VAT groups with EU branches
The CIOT is a member of the CFE Tax Advisers Europe, an association of European tax advisers with members from 26 European countries. Through this membership, the CIOT is able to input on European Commission consultations and contribute to pro-active submissions on VAT.
The CFE (taxadviserseurope.org) published and submitted its Opinion Statement on VAT groups (tinyurl.com/y7bev7rj) to the EU Institutions on 23 March, with the request that it would be helpful to have further guidance from the EC’s VAT Committee on a number of areas in respect of VAT groups and supplies to overseas branches in other member states.
The document provides an in-depth technical look at the background from case law and the arising VAT issues for VAT groups with branches in other member states and includes commentary on the UK position. The Opinion Statement considers the key decisions of the Court of Justice of the European Union (CJEU) on this topic. These are Skandia America Corp (USA) (Case C-17/13), Danske Bank (Case C-812/149) and FCE Bank plc. (Case C-210/04).
Establishment only approach
In Danske Bank, the bank head office was established in Denmark, where the tax authorities only allow fixed establishments located in Denmark to join a VAT group; hence, termed the ‘establishment only’ approach. This meant that the bank’s Swedish branch could not join and was considered a distinct entity from the Danish VAT group. Further, the Danish authorities deemed that VAT was due in Sweden on the supplies made by the head office to its branch.
In reaching its decision, the CJEU considered the extent that a tax authority in one member state must consider the rules relating to VAT groups in other member states. The conclusion was that these should be taken into account ‘where appropriate’. Thus, the CJEU took into consideration the territorial boundaries applicable to the Danish VAT groups imposed by Danish law, which effectively meant the Swedish branch could not be considered to form part of the VAT group.
Whole entity approach
In FCE Bank plc, the CJEU found that no VAT was due on the supplies of services from the UK head office to its Italian branch, as the head office and the branch were not performing independent economic activities and the bank as a whole bore the risks and costs of the business; hence, termed the ‘whole entity’ approach.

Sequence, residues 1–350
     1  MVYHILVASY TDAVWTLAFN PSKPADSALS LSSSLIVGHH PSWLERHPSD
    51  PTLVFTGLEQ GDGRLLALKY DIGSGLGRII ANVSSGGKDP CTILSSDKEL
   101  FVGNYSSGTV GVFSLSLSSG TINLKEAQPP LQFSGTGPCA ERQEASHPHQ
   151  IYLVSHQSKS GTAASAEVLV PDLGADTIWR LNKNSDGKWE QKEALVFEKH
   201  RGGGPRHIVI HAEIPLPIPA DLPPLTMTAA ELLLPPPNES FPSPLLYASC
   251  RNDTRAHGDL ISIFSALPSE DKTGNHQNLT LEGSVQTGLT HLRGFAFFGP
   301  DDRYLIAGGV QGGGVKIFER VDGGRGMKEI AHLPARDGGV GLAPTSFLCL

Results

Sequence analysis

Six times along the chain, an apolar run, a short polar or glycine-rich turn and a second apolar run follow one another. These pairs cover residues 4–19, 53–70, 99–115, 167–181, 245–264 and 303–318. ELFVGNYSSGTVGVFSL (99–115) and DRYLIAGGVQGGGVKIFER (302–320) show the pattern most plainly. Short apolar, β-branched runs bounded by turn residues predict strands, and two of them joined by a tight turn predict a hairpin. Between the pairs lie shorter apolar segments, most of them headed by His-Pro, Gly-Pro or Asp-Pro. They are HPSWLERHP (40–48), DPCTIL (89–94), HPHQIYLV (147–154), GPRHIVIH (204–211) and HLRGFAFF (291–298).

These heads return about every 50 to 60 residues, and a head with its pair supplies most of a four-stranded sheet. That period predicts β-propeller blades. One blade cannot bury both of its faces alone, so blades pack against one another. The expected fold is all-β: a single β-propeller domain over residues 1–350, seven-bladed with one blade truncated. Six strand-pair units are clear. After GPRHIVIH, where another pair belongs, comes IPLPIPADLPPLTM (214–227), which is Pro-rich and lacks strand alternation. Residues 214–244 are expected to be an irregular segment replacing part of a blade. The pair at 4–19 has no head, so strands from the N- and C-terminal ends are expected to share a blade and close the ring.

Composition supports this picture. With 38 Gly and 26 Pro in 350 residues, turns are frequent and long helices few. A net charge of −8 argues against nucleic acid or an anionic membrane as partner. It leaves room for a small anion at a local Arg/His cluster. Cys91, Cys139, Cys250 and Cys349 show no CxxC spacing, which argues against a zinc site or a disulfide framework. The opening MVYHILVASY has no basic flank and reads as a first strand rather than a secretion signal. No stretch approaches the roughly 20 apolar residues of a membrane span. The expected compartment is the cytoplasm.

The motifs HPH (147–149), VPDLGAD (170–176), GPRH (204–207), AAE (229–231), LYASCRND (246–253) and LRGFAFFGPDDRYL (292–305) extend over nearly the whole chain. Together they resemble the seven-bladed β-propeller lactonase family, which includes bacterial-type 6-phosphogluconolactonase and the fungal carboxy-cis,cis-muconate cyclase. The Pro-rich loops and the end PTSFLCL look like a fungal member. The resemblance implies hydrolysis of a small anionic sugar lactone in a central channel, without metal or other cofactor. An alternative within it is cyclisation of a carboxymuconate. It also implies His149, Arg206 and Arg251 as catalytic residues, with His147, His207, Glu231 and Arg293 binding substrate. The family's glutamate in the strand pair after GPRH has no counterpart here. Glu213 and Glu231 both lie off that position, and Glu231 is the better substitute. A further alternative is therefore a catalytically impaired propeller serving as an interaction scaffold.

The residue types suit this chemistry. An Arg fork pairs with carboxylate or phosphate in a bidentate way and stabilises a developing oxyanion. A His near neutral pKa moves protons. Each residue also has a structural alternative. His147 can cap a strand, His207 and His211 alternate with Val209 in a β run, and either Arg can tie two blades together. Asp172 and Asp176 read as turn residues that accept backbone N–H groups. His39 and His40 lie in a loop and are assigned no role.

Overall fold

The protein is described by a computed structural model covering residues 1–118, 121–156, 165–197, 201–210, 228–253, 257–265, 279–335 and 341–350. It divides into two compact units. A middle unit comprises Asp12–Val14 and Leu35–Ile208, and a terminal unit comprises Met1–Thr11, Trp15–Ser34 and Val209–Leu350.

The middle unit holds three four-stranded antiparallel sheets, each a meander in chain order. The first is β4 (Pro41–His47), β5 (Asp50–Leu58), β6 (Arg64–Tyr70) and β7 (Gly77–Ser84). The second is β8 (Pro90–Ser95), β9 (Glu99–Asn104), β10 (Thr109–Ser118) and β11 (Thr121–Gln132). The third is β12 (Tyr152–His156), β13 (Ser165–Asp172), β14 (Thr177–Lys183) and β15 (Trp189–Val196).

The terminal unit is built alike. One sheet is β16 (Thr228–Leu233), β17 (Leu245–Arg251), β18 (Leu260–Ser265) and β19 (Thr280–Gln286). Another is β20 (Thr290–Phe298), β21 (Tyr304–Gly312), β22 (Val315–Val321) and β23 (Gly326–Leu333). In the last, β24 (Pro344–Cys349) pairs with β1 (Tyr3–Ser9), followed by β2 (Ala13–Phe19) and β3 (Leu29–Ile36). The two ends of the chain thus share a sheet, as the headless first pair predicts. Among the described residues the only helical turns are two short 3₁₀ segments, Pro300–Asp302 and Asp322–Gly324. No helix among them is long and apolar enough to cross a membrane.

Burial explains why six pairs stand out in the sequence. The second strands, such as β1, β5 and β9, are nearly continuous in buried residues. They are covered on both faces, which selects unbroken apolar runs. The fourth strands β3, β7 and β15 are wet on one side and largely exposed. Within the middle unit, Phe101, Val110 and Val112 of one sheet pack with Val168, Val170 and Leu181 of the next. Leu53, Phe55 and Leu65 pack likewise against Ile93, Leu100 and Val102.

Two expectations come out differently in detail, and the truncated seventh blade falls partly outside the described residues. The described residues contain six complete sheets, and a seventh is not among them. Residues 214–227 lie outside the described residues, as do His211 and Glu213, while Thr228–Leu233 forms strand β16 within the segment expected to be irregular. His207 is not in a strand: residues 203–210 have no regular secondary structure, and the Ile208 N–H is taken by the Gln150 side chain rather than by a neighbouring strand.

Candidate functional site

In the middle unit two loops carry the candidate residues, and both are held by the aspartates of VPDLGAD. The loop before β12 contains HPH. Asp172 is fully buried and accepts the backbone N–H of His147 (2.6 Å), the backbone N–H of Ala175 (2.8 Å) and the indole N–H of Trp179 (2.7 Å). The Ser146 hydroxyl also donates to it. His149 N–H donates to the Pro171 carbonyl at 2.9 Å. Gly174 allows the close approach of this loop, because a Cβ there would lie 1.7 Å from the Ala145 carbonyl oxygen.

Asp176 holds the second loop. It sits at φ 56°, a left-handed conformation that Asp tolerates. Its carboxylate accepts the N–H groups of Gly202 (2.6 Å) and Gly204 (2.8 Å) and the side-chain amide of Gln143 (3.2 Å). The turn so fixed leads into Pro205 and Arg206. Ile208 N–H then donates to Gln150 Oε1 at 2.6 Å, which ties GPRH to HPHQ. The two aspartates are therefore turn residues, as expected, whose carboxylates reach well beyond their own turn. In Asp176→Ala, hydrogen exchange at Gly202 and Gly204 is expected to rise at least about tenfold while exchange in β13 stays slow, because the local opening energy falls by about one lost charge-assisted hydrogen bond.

The UK also supports the whole entity approach, as confirmed by VAT Act 1994 s 42A and Revenue & Customs Brief (RCB) 18/2015 (tinyurl.com/2e2buc22). This RCB sets out HMRC’s position following the decision in Skandia, which was that a whole entity approach applied unless the branch in another member state was in a VAT group with a local associated business. UK head offices or UK branches can still benefit from the FCE Bank plc judgment.
The CFE statement also raises the point that as the UK has left the EU, it is free to apply the whole entity approach to all member states should it wish to, as it no longer has to consider rules adopted in member states, suggesting that HMRC’s guidance requires some updating.
It should be noted that the above two approaches may not be the only scenarios; some member states still do not allow VAT grouping or only have basic VAT grouping rules. The local VAT grouping rules may have also changed since HMRC published its list in RCB 18/2015.
Any changes to the rules on VAT groups operating with cross-border branches would require legislative action by the Commission. The CFE calls for the EC to develop the concept of EU-wide VAT groupings, as the current establishment-only approach discourages the provision of cross-border services between the head office and local branches.
As noted in the CFE’s Opinion Statement, HMRC’s guidance will also require updating and the CIOT will take this forward with HMRC.
Jayne Simpson email@example.com